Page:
Pseudo-pitch tracking

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Citation: Fimbel, E.J. (2009) Pseudo-pitch tracking. Available at Last retrieved : (mm/dd/yyyy)

Publication: Fimbel, E.J., Abiza, R.(2006) Tracking the pseudo-pitch of unvoiced sounds: a hand-free interface modality for disabled users. in procs. of IEEE ISIE'06 Conference, Montréal, July 2006, (1), 553-558. download draft (pdf) 

The sounds produced by inspiration and expiration are unvoiced, i.e., the vocal cords do not vibrate. Unvoiced sounds have no pitch, i.e, no fundamental frequency. Instead, they present a marked formant F1, i.e., a peak of energy typically around 1KHz.  Here are examples of voiced vs. unvoiced sounds:

Unvoiced sounds can convey information almost in the same way than voiced sounds. It is possible to produce unvoiced speech (whispering) as well as unvoiced tones. unvoiced tones, the first formant plays the role of the pitch, i.e., it determined the perceived height of the sound. We call this formant pseudo-pitch. Its frequency is controlled by the air flow and the configuration of the mouth cavity, the tongue and the lips.Here are two examples of controlled pseudo-pitch.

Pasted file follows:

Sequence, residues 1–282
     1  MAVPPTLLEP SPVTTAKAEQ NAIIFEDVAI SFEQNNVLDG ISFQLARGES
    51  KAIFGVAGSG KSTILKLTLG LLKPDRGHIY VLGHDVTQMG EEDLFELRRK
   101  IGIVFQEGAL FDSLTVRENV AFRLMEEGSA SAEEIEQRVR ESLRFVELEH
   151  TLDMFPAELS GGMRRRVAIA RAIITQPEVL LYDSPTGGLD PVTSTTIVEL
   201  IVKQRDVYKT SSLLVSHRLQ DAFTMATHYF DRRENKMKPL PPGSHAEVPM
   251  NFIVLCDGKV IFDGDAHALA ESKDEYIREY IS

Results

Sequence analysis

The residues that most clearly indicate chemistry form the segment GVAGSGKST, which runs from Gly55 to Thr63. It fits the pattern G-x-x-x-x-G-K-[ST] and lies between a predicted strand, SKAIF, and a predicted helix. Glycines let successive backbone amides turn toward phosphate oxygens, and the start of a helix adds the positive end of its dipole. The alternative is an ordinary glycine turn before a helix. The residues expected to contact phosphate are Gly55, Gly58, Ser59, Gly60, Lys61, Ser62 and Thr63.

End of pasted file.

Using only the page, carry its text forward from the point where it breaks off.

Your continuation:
Breathing provides a coarse but efficient control of the pseudo-pitch: there is a marked difference between inspirations and expirations

Unvoiced sounds provide a nice hand-free modality for interfaces, whether for disabled users or advanced users that can use multimodal entries. The frequency spectrum of voice and unvoiced sounds are markedly different, therefore it may be possible to use speech and pseudo-pitch modulation with a single microphone.

Copyright: (c) 2005-2006 E.J. Fimbel, R.Abiza, ETS. This is open-access content distributed under the terms of the Creative Commons Attribution License, which permits unrestricted use, distribution, and reproduction in any medium, provided the original author and source are credited.This data contain no sociodemographic or personal information about participants.